# WINS Support - Tells the NMBD component of Samba to enable it's WINS Server
;  wins support = yes

# WINS Server - Tells the NMBD components of Samba to be a WINS Client
#        Note: Samba can be either a WINS Server, or a WINS Client, but NOT both
;  wins server = w.x.y.z

# WINS Proxy - Tells Samba to answer name resolution queries on
# behalf of a non WINS capable client, for this to work there must be
# at least one        WINS Server on the network. The default is NO.
;  wins proxy = yes

# DNS Proxy - tells Samba whether or not to try to resolve NetBIOS names
# via DNS nslookups. The default is NO.
  dns proxy = no

# These scripts are used on a domain controller or stand-alone
# machine to add or delete corresponding unix accounts
;  add user script = /usr/sbin/useradd %u
;  add group script = /usr/sbin/groupadd %g
;  add machine script = /usr/sbin/adduser -n -g machines -c Machine -d /dev/null -s /bin/false %u
;  delete user script = /usr/sbin/userdel %u
;  delete user from group script = /usr/sbin/deluser %u %g
;  delete group script = /usr/sbin/groupdel %g

#============================ Share Definitions ==============================
  comment = Home Directories
  browseable = no
  writable = yes

# Un-comment the following and create the netlogon directory for Domain Logons
; [netlogon]
;  comment = Network Logon Service
;  path = /usr/local/samba/lib/netlogon
;  guest ok = yes
;  writable = no
;  share modes = no

# Un-comment the following to provide a specific roving profile share
# the default is to use the user's home directory
;    path = /usr/local/samba/profiles
;    browseable = no
;    guest ok = yes

# NOTE: If you have a BSD-style print system there is no need to
# specifically define each individual printer
  comment = All Printers
  path = /var/spool/samba
  browseable = no
# Set public = yes to allow user 'guest account' to print
  guest ok = no
  writable = no
  printable = yes

# This one is useful for people to share files
;  comment = Temporary file space
;  path = /tmp
;  read only = no
;  public = yes

# A publicly accessible directory, but read only, except for people in
# the "staff" group
;  comment = Public Stuff
;  path = /home/samba
;  public = yes
;  writable = no
;  printable = no
;  write list = @staff

# Other examples.
# A private printer, usable only by fred. Spool data will be placed in fred's
# home directory. Note that fred must have write access to the spool directory,
# wherever it is.
;  comment = Fred's Printer
;  valid users = fred
;  path = /homes/fred
;  printer = freds_printer
;  public = no
;  writable = no
;  printable = yes

# A private directory, usable only by fred. Note that fred requires write
# access to the directory.
;  comment = Fred's Service
;  path = /usr/somewhere/private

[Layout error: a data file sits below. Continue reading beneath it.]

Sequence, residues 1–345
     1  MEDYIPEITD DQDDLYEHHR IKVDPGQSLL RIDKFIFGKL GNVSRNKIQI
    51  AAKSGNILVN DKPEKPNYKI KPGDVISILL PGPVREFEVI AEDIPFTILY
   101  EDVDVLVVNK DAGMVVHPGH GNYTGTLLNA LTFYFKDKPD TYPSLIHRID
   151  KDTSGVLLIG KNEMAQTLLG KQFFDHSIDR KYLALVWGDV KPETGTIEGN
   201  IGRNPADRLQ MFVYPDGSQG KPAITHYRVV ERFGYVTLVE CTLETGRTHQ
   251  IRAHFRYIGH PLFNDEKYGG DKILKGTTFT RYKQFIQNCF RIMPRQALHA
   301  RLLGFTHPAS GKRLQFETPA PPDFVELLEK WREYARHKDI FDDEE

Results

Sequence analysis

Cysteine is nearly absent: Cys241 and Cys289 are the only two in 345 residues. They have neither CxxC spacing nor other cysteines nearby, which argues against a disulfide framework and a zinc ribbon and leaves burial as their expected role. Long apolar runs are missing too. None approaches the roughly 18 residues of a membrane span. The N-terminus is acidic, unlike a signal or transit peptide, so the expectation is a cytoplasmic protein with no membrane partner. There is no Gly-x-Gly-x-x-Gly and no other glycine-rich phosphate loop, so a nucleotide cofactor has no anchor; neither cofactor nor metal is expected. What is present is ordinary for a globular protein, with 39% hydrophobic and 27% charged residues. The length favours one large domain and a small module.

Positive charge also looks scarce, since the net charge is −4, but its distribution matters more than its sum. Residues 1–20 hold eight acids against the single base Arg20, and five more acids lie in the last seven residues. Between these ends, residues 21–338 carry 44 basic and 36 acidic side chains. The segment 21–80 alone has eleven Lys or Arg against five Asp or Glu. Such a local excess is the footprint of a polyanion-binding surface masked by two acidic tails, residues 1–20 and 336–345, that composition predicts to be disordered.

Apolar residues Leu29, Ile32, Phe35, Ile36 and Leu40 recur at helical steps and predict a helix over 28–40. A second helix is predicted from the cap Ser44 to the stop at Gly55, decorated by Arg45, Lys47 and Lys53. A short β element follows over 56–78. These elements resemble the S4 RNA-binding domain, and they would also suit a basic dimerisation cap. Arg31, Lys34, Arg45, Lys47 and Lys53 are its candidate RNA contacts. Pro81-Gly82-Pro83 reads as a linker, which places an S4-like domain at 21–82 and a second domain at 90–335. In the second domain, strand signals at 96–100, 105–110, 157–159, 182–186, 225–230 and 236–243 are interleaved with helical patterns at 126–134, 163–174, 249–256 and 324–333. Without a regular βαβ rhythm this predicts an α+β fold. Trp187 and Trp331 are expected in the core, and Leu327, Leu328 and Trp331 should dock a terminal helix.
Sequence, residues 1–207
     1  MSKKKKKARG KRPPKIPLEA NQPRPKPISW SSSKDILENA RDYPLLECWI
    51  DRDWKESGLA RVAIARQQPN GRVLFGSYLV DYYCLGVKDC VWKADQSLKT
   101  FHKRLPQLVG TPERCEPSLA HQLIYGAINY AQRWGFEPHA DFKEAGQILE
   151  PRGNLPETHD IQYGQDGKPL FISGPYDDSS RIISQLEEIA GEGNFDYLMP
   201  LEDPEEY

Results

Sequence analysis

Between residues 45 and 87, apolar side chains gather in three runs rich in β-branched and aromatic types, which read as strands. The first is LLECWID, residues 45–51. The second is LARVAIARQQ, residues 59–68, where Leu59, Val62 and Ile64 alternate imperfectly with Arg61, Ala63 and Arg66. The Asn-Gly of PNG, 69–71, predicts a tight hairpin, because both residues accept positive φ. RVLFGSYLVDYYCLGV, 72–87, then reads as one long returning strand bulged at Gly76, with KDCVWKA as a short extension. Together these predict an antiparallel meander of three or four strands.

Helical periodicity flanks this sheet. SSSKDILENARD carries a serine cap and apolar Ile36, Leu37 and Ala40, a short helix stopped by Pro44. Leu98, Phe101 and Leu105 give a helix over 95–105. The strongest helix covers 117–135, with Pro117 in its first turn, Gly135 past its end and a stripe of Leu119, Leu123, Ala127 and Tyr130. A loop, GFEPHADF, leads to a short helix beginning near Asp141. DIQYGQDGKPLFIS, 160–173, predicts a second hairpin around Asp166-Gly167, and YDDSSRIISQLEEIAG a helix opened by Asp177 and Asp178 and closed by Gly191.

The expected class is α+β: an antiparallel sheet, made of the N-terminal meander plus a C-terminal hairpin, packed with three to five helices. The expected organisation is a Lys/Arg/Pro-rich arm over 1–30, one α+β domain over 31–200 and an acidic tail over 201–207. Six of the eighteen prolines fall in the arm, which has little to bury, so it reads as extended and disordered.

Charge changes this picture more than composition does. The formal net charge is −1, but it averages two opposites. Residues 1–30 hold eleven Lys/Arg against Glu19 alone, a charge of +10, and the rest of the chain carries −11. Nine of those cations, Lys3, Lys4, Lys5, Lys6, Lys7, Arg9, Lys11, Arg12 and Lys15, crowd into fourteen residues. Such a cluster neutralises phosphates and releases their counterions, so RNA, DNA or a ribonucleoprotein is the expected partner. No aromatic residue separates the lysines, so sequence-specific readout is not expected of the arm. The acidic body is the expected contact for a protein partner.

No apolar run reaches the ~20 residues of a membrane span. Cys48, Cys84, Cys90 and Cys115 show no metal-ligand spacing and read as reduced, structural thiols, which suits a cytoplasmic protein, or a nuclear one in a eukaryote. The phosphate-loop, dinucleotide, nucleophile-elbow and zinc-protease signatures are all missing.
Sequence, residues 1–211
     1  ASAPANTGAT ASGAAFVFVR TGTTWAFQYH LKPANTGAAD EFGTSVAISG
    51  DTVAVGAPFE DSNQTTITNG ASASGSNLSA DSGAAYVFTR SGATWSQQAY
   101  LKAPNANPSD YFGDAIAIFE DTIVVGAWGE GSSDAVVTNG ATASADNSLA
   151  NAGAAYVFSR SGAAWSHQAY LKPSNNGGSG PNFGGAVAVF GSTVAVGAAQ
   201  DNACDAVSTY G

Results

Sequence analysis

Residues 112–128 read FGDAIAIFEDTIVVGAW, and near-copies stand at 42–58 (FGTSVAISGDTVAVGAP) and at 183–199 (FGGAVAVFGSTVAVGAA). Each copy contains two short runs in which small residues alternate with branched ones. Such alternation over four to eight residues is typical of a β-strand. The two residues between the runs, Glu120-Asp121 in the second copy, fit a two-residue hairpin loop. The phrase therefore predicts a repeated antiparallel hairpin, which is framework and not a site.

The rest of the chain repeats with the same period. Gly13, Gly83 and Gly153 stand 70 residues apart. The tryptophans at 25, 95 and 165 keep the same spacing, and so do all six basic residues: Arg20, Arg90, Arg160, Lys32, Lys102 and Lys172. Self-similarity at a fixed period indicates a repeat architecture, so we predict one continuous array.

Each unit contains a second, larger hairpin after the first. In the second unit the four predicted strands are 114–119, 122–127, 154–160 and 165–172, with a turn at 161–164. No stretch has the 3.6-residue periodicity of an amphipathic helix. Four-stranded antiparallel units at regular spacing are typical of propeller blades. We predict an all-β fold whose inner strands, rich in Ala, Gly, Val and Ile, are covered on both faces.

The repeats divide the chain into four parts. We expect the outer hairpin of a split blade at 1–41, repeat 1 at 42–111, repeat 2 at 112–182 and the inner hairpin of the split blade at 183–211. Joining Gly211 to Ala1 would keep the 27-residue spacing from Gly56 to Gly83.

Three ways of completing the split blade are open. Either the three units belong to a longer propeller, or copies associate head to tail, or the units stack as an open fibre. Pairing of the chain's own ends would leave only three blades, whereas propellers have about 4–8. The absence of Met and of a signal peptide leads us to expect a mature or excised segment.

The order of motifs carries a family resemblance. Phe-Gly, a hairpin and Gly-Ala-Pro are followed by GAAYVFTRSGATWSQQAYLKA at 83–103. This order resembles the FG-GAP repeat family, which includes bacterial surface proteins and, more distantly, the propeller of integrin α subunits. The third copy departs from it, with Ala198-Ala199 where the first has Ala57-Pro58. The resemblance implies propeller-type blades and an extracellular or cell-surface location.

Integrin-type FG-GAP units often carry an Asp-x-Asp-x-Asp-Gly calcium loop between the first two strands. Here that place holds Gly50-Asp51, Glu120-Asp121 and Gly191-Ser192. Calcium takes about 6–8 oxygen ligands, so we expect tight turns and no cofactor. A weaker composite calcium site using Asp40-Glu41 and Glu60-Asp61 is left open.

;  valid users = fred
;  public = no
;  writable = yes
;  printable = no

# a service which has a different directory for each machine that connects
# this allows you to tailor configurations to incoming machines. You could
# also use the %U option to tailor it by user name.
# The %m gets replaced with the machine name that is connecting.
;  comment = PC Directories
;  path = /usr/pc/%m
;  public = no
;  writable = yes

# A publicly accessible directory, read/write to all users. Note that all files
# created in the directory by users will be owned by the default user, so
# any user with access can delete any other user's files. Obviously this
# directory must be writable by the default user. Another user could of course
# be specified, in which case all files would be owned by that user instead.
;  path = /usr/somewhere/else/public
;  public = yes
;  only guest = yes
;  writable = yes
;  printable = no

# The following two entries demonstrate how to share a directory so that two
# users can place files there that will be owned by the specific users. In this
# setup, the directory should be writable by both users and should have the
# sticky bit set on it to prevent abuse. Obviously this could be extended to
# as many users as required.
;  comment = Mary's and Fred's stuff
;  path = /usr/somewhere/shared
;  valid users = mary fred
;  public = no
;  writable = yes
;  printable = no
;  create mask = 0765

Thanks for the suggestions so far.

Woodsman 09-18-2011 08:13 PM

On your Samba server:

Run the testparm command to validate your smb.conf file. Then run

smbclient -L localhost

After entering a password you should see a list of available shares.

If you have another Slackware machine, you can run smbclient -L sambaserver, where sambaserver is the hostname of the Samba server. You should see the same result as when run locally.

BenCollver 09-18-2011 10:13 PM

I think it would be a good idea to troubleshoot samba first, and worry about KDE later.

When you tried to access samba from the Windows machine, what UNC path did you use, and what error did you get? It can help to note the hour and minute. Then look for more details in the messages around that time in the Event Log on the Windows machine and /var/log/samba* on the slackware machine.

dchmelik 09-19-2011 06:02 PM

I did what Woodsman said, and it seemed fine, but after entering the password I set up reading some tutorial, I always got the following error.


protocol negotiation failed: NT_STATUS_INVALID_NETWORK_RESPONSE
The man pages imply you do not need a password; I would rather not have one. As for testing Samba on the Windows machine, since I did not find a way to share the files in Slackware yet, I did not bother to try to access them on the Windows machine. I assume it would have actually worked because I think I accessed smb://var/spool/samba in a KDE file manager.